In the second exciting announcement from the Alamo Plaza dig, archaeologists working on the project showed off a handful of the more than 300 artifacts they have unearthed so far.
“We’re going to do a little show-and-tell today and tell you a little bit about what we’ve been finding,” Pape-Dawson Engineers Senior Archaeologist Nesta Anderson said at the daily 10:30 a.m. briefing. “We’ve got a little over 300 artifacts, we still have plenty processing, and we’re still generating artifacts from here at the west wall area and across the street at the south wall area.”
Anderson said that the artifacts vary widely in use and material, and that this diversity is further evidence for what the site was once used for.
“Today we’re showing you ceramics (and) bits of broken ceramics that we’ve recovered. We’ve recovered a bone button. We have some glass – a fragment of glass that is stamped ‘San Antonio Apothecary,’ so something that was locally used from the 19th century,” Anderson said. “We’ve got both locally produced ceramics plus European ceramics, so things that were being imported. We’ve got a fragment of a toothbrush. We’ve got some square nails, which indicate that they’re from the 19th century as well.”
The wide variety of the artifacts as well as the many time periods during which they were made speaks to the diverse uses of the land. The site sits on the former footprint of a RadioShack store, now referred to as the “RadioShack site” by the archaeologists, that was demolished in 1979.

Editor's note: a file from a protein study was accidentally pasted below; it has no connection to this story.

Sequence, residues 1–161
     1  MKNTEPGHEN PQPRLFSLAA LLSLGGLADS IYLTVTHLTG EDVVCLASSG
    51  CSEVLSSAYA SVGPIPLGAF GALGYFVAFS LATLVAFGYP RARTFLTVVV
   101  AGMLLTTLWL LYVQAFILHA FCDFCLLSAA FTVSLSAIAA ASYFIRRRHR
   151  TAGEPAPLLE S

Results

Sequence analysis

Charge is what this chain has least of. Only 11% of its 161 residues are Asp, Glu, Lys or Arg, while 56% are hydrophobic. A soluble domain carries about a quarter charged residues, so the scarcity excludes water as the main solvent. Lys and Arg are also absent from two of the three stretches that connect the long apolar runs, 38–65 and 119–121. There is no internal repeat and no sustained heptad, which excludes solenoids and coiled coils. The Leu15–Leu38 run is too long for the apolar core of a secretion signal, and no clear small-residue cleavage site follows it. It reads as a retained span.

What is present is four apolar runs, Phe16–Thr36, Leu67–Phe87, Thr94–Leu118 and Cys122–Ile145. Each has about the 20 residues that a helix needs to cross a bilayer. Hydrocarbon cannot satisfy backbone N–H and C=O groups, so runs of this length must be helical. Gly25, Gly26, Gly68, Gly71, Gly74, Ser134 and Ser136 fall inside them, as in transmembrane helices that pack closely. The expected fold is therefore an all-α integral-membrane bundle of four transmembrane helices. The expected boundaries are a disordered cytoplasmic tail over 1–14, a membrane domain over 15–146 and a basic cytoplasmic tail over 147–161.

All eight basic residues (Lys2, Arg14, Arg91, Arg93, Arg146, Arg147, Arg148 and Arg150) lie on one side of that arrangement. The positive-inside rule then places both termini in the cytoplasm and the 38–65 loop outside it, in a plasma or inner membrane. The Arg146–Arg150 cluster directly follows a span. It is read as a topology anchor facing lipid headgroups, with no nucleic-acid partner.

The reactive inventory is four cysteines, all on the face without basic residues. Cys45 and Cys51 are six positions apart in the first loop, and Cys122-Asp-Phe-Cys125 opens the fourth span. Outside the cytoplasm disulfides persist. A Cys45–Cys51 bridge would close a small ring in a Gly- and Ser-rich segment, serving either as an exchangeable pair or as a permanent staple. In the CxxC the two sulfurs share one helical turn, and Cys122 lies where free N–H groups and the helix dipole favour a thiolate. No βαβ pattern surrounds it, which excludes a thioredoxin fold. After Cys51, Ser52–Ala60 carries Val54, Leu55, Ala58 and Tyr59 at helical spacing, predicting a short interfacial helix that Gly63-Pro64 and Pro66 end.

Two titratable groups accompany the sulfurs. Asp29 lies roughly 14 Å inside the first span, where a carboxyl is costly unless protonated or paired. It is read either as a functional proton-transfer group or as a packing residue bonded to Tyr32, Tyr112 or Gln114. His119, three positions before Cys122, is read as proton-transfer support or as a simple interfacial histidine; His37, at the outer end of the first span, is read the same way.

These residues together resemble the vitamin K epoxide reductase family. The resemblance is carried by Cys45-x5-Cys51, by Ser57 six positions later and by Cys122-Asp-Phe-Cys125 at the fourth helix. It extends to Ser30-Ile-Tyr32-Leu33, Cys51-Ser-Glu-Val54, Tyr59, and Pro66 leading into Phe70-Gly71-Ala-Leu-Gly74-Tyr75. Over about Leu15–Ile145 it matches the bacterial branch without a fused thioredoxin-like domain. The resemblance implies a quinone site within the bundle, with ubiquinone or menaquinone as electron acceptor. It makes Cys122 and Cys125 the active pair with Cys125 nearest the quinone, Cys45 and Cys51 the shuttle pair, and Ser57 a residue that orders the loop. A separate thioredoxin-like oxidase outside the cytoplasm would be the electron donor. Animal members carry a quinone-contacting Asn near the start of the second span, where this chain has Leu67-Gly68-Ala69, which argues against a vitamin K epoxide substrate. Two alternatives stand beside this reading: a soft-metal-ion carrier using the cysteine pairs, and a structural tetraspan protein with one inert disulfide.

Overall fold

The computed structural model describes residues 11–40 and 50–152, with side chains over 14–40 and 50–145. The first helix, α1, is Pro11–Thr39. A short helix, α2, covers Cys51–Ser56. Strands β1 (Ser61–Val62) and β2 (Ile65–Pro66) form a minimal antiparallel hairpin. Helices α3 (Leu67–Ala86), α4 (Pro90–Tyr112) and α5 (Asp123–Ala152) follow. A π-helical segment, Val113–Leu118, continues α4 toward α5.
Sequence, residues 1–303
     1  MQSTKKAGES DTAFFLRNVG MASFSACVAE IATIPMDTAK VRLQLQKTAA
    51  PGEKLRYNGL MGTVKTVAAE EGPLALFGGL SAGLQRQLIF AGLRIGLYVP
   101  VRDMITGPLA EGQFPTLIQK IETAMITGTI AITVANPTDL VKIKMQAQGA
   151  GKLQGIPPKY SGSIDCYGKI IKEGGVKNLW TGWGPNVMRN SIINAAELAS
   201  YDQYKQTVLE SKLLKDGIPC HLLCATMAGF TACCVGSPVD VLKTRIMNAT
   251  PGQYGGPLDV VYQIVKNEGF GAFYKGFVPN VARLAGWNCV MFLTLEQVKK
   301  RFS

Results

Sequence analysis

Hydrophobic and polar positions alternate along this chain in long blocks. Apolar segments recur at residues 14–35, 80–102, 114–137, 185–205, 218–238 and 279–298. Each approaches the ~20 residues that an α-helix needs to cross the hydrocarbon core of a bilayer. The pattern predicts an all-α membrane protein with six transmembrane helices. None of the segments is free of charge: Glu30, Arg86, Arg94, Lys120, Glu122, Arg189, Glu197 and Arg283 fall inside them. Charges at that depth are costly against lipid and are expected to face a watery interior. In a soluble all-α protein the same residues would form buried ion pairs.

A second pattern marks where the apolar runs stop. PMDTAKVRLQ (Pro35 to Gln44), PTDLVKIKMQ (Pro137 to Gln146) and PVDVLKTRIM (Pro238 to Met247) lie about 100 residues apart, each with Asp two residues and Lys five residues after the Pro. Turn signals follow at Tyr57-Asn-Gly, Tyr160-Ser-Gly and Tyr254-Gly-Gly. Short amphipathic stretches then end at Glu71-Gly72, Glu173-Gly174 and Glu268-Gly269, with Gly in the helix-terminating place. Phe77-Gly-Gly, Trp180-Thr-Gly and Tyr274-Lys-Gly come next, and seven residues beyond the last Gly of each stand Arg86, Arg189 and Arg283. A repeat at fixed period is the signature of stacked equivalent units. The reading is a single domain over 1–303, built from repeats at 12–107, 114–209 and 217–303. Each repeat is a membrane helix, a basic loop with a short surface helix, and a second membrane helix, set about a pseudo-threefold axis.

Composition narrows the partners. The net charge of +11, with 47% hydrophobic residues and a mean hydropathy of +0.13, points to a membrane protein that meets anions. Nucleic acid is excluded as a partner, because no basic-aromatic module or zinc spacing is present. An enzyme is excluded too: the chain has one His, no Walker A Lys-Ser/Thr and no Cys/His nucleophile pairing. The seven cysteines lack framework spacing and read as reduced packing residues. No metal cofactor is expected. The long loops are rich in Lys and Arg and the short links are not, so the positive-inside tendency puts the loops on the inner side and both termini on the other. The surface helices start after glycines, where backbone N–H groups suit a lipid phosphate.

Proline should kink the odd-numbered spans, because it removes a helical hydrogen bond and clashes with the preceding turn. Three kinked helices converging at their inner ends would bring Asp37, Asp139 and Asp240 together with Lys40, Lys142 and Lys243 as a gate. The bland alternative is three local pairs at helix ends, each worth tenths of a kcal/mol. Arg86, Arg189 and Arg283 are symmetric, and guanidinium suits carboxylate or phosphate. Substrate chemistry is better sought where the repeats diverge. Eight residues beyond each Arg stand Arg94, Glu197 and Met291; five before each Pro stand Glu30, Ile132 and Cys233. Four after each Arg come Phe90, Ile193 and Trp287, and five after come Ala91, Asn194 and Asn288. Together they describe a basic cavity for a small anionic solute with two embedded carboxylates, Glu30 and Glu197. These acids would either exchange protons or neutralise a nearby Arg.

“We always like to recover everyday artifacts to find out how people were living and working, but it also contributes to our knowledge of the west wall,” Anderson said. “In addition to the wall and the arcade that would have been inside it, there were structures where people were living, so this is evidence of people living in these rooms.”
Texas Land Commissioner George P. Bush is serving as Alamo Master Plan Executive Committee co-chair and released a statement today regarding the artifacts.
“It is an exciting time to be a fan of Texas history and archaeological discovery,” Bush said. “The more than 300 items uncovered by our archaeological team will not only provide valuable insights into life in Texas dating back hundreds of years, but also help us envision a better future for the Alamo with exciting educational exhibits and innovative ways of telling the Alamo’s complete story.”
The artifact announcement follows close on the heels of last week’s discovery of adobe bricks from the Spanish colonial era.
“Some of the ceramics we found today could possibly date to the Mission period, including a few shards of Goliad-ware, which was native-made, but was made both before the Europeans got here and through that period of contact,” Anderson said. “Rather than one single piece we are excited about, we’re all ‘ooh-ing’ and ‘aah-ing’ about every piece every time we get anything out. And remember, we’re still processing some artifacts, so that “wow” piece may be coming up. We just never know.”
Anderson said that the artifacts will go through a lengthy process before they will be ready for public display.
“These artifacts are going to be cleaned and we’ll analyze them to find out time period and possible use. We look at material type and then they will be prepared for curation at the University of Texas San Antonio Center for Archaeological Research,” Anderson said.
The dig is in preparation for a multi-million dollar master plan for the Alamo Plaza that the City of San Antonio, the Texas General Land Office, and the Alamo Endowment are developing together. Preservation Design Partnership, a firm based out of Philadelphia, is leading the master plan design.
The Partnership will host its first public input meeting Tuesday, Aug. 2 from 6 to 8 p.m. at the Henry B. Gonzalez Convention Center. Representatives from each of the three organizations will explain the project, listen to citizen concerns, and answer questions.
Top image: Archaeologists working at the Alamo Plaza dig show a passerby some of recovered artifacts found at the site. Photo courtesy of Reimagine the Alamo.
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